Rob Ireland, of Dittisham, writes:

I am writing out of concern about the wave of planning applications for commercial scale wind turbines in the South Hams.

There are three already at various stages in the planning process within 3km of Dartmouth and Dittisham.

It appears that these have been encouraged by confused central government policy and huge financial incentives to both developers and land owners; as a result it is highly likely that there will be more to come.

These are very large structures; the smallest, near Capton, would be over 100ft and the largest at Hemborough Post near the Sportsman's Arms would be well over 300ft – comparable to a 30-storey tower block. They will dominate the landscape for miles.

Another crucial point is that these are not passive architectural structures, but noisy industrial machines which will severely degrade and urbanise our rural environment.

I have to declare an interest here as one of the proposed turbines would be situated a mere 550 metres from my home.

However, I would like to look at the bigger picture. I believe this is a trend which if unrestricted could affect all of us. There needs to be a proper debate on what kind of developments are suitable in this precious rural area, what we want of our landscape and what the priorities as a community should be, otherwise there is every chance that there will be a number of these large structures around Dartmouth and Dittisham.

I would welcome intelligently planned alternative energy developments, if they are placed sensitively – I am not wholly against wind turbines, especially offshore. However, I believe that it is fundamentally inappropriate in this part of the South Hams.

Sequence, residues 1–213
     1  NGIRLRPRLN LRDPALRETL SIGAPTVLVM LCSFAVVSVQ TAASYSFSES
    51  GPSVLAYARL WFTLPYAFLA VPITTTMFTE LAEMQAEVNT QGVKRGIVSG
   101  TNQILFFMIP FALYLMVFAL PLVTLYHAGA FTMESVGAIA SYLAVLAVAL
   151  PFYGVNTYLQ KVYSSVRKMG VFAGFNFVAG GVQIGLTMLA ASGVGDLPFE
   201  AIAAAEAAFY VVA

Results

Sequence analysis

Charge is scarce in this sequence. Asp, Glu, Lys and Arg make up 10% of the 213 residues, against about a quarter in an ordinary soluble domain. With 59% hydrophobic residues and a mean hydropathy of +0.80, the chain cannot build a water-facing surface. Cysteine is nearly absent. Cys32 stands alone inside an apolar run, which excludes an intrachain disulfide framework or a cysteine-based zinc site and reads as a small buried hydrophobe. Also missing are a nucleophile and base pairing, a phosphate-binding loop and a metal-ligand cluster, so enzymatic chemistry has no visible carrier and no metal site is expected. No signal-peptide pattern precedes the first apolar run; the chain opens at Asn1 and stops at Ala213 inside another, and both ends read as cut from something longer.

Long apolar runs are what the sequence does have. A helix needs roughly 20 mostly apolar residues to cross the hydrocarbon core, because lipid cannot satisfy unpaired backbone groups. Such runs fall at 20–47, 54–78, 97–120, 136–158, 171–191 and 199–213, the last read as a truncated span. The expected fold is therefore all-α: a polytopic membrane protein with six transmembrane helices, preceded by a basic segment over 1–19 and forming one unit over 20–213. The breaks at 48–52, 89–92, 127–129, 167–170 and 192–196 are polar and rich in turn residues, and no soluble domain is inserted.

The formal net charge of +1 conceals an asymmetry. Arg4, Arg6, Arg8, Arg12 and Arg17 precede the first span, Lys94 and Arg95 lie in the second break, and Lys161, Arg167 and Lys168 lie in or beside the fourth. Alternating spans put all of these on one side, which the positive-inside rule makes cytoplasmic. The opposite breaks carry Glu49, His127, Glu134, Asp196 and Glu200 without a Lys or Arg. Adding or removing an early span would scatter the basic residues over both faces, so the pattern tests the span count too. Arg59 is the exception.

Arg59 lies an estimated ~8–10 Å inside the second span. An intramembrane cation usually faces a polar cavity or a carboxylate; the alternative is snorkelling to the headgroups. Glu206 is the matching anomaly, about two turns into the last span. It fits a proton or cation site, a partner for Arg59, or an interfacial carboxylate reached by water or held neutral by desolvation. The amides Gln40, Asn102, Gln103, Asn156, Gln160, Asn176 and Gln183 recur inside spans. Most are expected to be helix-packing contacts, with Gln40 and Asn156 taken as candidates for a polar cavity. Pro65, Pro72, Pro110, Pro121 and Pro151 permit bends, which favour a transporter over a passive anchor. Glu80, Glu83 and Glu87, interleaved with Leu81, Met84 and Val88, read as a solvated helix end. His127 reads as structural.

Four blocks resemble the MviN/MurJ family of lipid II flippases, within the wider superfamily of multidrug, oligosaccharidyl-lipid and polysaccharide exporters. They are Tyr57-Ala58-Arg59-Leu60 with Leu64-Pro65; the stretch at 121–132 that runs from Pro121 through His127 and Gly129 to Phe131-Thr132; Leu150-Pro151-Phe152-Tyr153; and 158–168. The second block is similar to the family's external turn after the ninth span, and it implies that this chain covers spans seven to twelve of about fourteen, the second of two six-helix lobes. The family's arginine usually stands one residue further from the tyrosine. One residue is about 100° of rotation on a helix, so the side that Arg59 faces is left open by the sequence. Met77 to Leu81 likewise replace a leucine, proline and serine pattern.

I see three core reasons for this:

l This is a precious rural environment. The unspoilt nature of the landscape is absolutely central for tourism – a mainstay of the local economy – and as such it should be valued and preserved; commercial scale turbines degrade this. If we permit these developments we will lose what makes the place unique and special with absolutely no reward for the community as a whole.

l Too close to habitation. Commercial scale wind turbines create visual disturbance and very significant noise (around 100db at source – comparable with a heavy lorry passing at short distance) and this makes them extremely difficult to live with. As a result, in Scotland a minimum distance of 2km between habitation and a turbine has been imposed, which I regard as very sensible.

The turbines I refer to in our area are as close as 500m from houses and will have a massive impact on the home owners. In essence, despite being rural, the South Hams is too heavily populated for these developments not to have real negative impacts on significant numbers of people.

l Threat to wildlife. The South Hams is rich in wildlife, some of which is rare. Wind turbines interfere particularly with birds and bats. For example, there are colonies of greater horseshoe bats, which are strictly protected under European law, at Bruckton and Old Mill water treatment works. There is also a winter hibernation site in the tunnels under BRNC and their flyway and feeding grounds are within 100m of one of the proposed turbines at Downton Park Farm. A further example is the noctule bat which flies at turbine blade height and is regarded by Natural England as being at high risk from turbines.

I urge you to think about the repercussions, how these types of development will affect not just you but the community and business as a whole.

If you feel as strongly as I do, you can keep up to date by visiting the planning section on the South Hams Council website.

It is also simple to object to them as they go into the planning process by writing to or emailing the planning department.